Galileo's Children: Science, Sakharov, and the Power of the State

George Bailey, Author
George Bailey, Author Arcade Publishing $24.95 (458p) ISBN 978-1-55970-078-8
Reviewed on: 05/01/1990
Release date: 05/01/1990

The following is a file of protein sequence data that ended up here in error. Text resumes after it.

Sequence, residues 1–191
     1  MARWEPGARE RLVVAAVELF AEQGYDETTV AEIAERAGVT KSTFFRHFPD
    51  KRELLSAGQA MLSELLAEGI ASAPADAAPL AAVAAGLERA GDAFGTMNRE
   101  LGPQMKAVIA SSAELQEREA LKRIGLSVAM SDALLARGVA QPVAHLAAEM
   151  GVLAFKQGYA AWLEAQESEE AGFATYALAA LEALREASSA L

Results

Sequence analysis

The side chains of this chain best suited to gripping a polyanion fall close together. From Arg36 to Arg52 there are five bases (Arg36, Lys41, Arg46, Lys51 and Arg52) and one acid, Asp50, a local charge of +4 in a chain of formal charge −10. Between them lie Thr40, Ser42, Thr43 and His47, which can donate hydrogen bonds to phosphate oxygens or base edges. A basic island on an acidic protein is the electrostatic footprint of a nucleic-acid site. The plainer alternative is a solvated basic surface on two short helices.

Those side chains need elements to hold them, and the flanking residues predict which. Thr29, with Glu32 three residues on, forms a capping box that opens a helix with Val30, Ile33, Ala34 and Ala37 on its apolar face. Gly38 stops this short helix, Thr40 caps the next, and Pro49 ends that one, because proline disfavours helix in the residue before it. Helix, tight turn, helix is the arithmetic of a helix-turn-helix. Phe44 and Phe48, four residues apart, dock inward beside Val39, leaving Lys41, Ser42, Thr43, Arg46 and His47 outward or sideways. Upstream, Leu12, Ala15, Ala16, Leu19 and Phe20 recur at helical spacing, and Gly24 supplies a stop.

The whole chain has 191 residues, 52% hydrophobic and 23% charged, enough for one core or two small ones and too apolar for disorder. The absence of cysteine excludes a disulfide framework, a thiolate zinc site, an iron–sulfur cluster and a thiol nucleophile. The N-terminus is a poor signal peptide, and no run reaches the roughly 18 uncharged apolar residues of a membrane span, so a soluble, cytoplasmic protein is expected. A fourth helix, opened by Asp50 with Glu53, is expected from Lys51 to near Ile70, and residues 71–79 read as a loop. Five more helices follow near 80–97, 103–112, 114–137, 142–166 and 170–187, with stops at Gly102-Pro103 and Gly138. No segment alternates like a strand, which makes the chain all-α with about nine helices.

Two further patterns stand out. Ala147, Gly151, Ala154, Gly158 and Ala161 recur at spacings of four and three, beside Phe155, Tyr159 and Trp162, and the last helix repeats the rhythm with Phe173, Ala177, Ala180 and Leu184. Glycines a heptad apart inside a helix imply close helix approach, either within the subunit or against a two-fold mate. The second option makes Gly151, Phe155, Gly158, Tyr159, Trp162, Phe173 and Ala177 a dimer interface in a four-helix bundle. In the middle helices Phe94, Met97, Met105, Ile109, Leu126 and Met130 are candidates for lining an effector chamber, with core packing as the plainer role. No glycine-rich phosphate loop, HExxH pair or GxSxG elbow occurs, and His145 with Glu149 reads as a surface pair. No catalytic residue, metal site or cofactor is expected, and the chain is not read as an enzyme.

Physicist Robert Oppenheimer, who presided over the invention of the atomic bomb, strongly advocated that the hydrogen bomb should not be developed. His political views led to an examination by the Atomic Energy Commission's security board in 1954. Andrei Sakharov, ``father of the Soviet hydrogen bomb,'' was summoned before the U.S.S.R's deputy prosecutor general, then persecuted, for his human rights activities. In this dense study, Bailey ( The Germans ) draws parallels between these two dissenters and a third--Galileo, whose scientific discoveries displeased an Inquisition tribunal. This analogy breaks down as Bailey devotes chapters to Marxism and its adoption in Russia, to the pseudoscience of Soviet botanist Trofim Lysenko, who flourished under Stalin, to Chernobyl, the European ecology movement and the Soviet economy under perestroika. His study, which includes transcripts of Sakharov's interviews with the press, is useful primarily as a human rights document on the struggle for basic freedoms. (Apr.)
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